ER:[OV]He gets decent dough. Is he a fool or something?

CS-1:[OV]Yes, he gets very decent dough, three a week.

ER:[OV]So here it is.

CS-1:[OV]I told him that he's getting two times more than I. He's been fucking adding 30/30 earlier and now he's adding kind of less, getting more for that, and -- I don't know what's fucking happening with him. Maybe someone is fucking goading him on again, either Vova [i.e., ZABRODIN] or someone else.

ER: Well, I don't think so.

CS-1: You don't think so?

ER:[OV] [UI]

ER:[OV]Ah, so-so, this has happened once, if you remember. He started bullshitting and then he was told, "You know what? If you don't want to do it -- take a hike." And he stopped that.

CS-1: Aha.

ER: [OV] [UI]

CS-1: This is also alternative yes -- I didn't even think about it.

ER:[OV] We had that alternative before.

CS-1:[OV] Yes.

ER:[OV] Someone sucked the blood out of us and go to fuck yourself.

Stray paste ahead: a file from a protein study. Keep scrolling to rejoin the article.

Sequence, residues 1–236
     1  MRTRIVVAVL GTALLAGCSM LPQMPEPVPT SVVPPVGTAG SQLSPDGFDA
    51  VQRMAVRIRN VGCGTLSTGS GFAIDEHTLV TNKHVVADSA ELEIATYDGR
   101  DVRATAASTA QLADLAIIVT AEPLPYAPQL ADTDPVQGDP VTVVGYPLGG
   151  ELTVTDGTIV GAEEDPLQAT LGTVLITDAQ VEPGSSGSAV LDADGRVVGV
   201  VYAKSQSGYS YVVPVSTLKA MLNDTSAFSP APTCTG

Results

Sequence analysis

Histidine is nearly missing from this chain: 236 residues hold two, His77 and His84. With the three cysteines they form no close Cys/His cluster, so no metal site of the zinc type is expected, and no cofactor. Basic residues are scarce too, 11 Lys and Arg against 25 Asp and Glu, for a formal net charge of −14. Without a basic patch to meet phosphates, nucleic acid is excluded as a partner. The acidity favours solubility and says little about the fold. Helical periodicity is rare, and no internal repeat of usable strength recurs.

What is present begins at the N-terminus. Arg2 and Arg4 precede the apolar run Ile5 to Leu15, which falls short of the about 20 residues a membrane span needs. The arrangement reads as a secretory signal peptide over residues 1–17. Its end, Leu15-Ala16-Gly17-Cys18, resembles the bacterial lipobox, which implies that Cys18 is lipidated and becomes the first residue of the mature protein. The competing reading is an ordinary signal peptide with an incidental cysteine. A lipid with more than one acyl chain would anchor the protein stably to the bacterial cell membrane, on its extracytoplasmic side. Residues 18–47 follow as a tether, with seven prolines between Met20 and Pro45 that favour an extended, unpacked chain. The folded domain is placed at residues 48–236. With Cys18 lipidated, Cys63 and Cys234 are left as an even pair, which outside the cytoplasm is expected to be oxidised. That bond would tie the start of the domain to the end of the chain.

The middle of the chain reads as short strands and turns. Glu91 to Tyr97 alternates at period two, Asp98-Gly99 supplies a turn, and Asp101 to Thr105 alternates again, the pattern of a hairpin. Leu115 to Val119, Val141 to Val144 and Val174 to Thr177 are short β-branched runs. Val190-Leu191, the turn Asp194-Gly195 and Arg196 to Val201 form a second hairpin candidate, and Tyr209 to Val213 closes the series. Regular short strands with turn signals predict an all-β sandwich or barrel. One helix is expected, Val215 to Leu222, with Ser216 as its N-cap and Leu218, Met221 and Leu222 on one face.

CS-1:[OV]I told him, "What do you want?" I said, "You want money -- add some bags." He said, "No." I say. . . He says that he just wants more money for the same bags. I said, "Well . . . "

ER:[OV]No, no, no. Tell him, "It doesn't happen that way. It's not a first day we work with you, that's why nothing changes like that."

CS-1:[OV]Okay, then when I'll get to work, I''ll explain it to him.

ER: Explain, just tell him, "Listen, it's not that simple. We work -- it's not that simple," say, "we have to pay here and we to pay there, we have to here and there [UI]."